When and where I grew up, mostly where, knowing more than one language was not a good thing. It made you stand out. Kids looked at you funny and made fun of you as if you were someone from outer space. In a small rural town in Southern Virginia, being a polyglot was just not a good thing. I tried to hide my hidden skill as many superheroes may hide their powers from the world initially, with embarrassment and shame.
This all started to change for me when my parents booked us a trip to Spain with a group of mostly young kids around 15 years old. I was 12 or 13 at the time. Back then, a two-year age difference, especially in this age group, was major. Fifteen-year-old teens did not want to hang out with a 13-year-old. My sister was right in that age range, so she was able to fit right in.
My sister and I were the only kids on the tour who spoke Spanish; and there were kids from all over the US. It was on this trip that I started to see my ability to speak another language as a kind of power, or something good. It turns out that being able to communicate — ordering food, getting directions, and even tricking a doorman into allowing a group of teenagers into a night club — was pretty cool. As others pulled out their language booklets (no smartphones or translation apps back them), I was speaking fluently to the locals in my rather Americanized version of Latin American Spanish.
I quickly grabbed the attention of the entire group and became the go-to translator for the younger crowd, especially for things that they did not want to ask the tour guide. This trip, with a group of young Americans in Spain, changed the course of my life. I no longer hid my language, or heritage for that matter, and I started to see that these types of abilities in a broader context were not only good but considered to be a rare and very desirable attribute. Turns out, being multilingual may carry a host of other benefits, including increased brain performance in terms of focus, creativity, and cognitive skills.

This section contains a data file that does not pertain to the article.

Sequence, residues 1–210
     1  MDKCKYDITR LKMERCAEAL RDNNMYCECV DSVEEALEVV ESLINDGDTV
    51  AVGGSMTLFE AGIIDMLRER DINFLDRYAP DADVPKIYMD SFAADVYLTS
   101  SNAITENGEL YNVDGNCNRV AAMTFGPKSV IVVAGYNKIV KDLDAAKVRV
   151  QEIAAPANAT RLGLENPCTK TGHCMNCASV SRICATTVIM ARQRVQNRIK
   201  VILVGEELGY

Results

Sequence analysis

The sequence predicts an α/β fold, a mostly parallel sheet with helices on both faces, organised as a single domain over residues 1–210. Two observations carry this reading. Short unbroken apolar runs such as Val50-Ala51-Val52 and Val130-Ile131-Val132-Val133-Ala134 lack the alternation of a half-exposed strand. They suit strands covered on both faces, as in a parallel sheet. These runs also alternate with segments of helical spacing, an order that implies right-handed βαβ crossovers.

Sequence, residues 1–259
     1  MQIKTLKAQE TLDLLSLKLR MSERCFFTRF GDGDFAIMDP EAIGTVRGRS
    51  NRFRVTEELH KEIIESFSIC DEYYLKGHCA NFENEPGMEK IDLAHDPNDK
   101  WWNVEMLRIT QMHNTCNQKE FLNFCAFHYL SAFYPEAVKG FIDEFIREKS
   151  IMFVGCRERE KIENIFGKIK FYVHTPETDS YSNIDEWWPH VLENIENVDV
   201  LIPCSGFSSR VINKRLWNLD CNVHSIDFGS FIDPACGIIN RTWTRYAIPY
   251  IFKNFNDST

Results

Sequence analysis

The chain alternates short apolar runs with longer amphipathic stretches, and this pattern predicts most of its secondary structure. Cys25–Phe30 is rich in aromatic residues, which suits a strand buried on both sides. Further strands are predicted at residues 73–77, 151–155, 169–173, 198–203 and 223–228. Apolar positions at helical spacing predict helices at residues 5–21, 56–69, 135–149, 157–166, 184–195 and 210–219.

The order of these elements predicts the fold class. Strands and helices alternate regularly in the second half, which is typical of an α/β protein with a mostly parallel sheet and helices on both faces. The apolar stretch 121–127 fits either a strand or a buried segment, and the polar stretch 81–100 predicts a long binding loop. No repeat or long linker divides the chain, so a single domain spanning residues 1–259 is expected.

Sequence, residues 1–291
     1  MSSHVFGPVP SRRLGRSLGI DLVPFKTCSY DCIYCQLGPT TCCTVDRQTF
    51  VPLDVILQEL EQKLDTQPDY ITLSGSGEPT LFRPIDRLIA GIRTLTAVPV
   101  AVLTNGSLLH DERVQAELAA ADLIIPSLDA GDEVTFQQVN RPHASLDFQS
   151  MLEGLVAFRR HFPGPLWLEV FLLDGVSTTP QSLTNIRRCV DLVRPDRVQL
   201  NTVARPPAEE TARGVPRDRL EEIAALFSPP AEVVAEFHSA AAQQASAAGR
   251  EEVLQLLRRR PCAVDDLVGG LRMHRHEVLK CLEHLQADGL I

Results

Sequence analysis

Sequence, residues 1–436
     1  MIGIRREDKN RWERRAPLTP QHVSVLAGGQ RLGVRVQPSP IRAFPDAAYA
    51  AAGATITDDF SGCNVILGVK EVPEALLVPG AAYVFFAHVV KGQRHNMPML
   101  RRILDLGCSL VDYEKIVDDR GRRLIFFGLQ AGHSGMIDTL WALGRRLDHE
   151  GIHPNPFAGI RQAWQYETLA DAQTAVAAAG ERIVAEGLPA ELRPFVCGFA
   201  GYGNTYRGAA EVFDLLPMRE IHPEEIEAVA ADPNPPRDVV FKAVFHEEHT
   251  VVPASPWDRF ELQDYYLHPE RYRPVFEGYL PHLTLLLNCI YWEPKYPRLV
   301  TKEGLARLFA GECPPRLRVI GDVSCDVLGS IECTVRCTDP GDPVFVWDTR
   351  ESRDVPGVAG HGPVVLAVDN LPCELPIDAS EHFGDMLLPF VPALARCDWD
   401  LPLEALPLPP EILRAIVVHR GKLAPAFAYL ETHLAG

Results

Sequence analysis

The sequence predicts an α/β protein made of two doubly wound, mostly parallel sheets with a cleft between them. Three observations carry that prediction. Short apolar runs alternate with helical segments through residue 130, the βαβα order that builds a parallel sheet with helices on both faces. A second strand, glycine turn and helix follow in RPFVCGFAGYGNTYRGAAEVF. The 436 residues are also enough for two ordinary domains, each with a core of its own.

It was like I was a secret spy who knew how to decode something nobody in my town could. Even the Spanish teachers (some who really spoke no Spanish) would ask me questions. Sure, every once and a while some kid would try to put me down with a racial slur or a derogatory remark. But it was much easier to brush off when most of the class, the girls, and the faculty were impressed with an ability I really did very little to obtain.
Fast-forward many, many years, living in Europe and Latin America for a decent amount of time, knowing only two languages was kind of lame. You would get in a taxi in Europe and the driver could speak 5 languages without even flinching. It was like I landed in a place where my superpower was not so super. In fact, I would actually be looked down upon for being so provincial and only knowing two languages. It was actually a bit refreshing, in a weird way, to know that all those worries years ago about not fitting in were wasted thoughts. In actuality, language was really a sign of the educated, the cultured, and the open-minded.
Today, it seems like there is a movement to go back to a time where being a foreigner or being able to speak a different language is bad again. This “in America you need to speak only English” mentality reminds me of times I thought were long gone. The reality for me is that knowing two languages has opened up new worlds for me in terms of human interaction, cultural awareness, vast business opportunities, and just an expanded way of thinking.